The tribunal said Ryder, who has been in self-imposed exile from international cricket since February 2012, tested positive after a domestic match in March this year. (Agencies)
It said Ryder's sample showed traces of the stimulants PBA and DEBEA and the batsman admitted he took two supplement tablets in the days before the test.
The disciplinary body said it accepted Ryder's argument that he was not aware the over-the-counter product contained banned substances and he took it because he was struggling with his weight, not to enhance his on-field performance.
However, it said he did not check with authorities whether the supplement was legal, even though the label warned it might contain substances outlawed by some organisations.
Instead, Ryder and his trainer did their own research on the Internet and concluded it was safe.
The tribunal said that, as a professional athlete, Ryder was obliged to be more cautious before taking a potentially illegal supplement.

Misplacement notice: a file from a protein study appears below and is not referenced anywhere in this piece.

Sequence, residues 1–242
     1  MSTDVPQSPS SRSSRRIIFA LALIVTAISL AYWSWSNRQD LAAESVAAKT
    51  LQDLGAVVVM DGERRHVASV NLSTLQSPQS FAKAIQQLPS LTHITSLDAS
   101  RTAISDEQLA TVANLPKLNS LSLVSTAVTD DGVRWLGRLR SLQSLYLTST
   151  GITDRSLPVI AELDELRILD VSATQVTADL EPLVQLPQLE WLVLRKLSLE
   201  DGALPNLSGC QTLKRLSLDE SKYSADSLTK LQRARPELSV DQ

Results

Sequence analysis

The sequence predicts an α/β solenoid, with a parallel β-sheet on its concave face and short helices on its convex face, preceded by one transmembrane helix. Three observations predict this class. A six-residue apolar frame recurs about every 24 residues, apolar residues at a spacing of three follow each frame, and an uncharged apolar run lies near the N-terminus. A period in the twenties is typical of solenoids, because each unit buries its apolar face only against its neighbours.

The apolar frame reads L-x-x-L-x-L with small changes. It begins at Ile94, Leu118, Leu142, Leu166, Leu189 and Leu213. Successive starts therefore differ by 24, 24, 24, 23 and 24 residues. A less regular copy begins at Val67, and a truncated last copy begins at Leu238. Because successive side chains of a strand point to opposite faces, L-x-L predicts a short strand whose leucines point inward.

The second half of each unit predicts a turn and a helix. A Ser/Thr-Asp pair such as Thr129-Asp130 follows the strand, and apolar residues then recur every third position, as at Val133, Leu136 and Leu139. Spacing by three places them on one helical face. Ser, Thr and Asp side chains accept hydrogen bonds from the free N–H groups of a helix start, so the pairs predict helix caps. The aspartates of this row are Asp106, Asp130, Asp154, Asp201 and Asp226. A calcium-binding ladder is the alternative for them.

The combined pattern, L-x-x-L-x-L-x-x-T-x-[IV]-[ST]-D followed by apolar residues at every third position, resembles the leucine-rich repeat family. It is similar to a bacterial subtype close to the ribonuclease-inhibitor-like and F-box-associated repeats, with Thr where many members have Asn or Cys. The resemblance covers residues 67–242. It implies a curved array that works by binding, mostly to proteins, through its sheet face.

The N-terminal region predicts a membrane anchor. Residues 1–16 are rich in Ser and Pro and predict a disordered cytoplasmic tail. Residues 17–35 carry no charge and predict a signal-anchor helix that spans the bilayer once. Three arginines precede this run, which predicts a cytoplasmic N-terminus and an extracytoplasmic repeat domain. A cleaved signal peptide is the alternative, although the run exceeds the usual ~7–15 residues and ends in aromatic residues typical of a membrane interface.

"The tribunal thought a penalty of six months suspension was also appropriate," it said, pointing out the maximum punishment available was two years.
The ban was backdated to April, meaning Ryder will be available to play again in October.
The 29-year-old is one of New Zealand's best batting talents, averaging 40.93 in 18 Tests, but his career has been marred by disciplinary lapses and off-field problems.
He is still recovering from an assault outside a bar in the South Island city of Christchurch in March, which derailed his plans to return to the Indian Premier League.
Ryder walked away from international cricket last year, saying he needed to sort out "personal issues" and has so far resisted calls from pundits and fans for his return. New Zealand Cricket declined to comment.
The tribunal said Ryder, who has been in self-imposed exile from international cricket since February 2012, tested positive after a domestic match in March this year.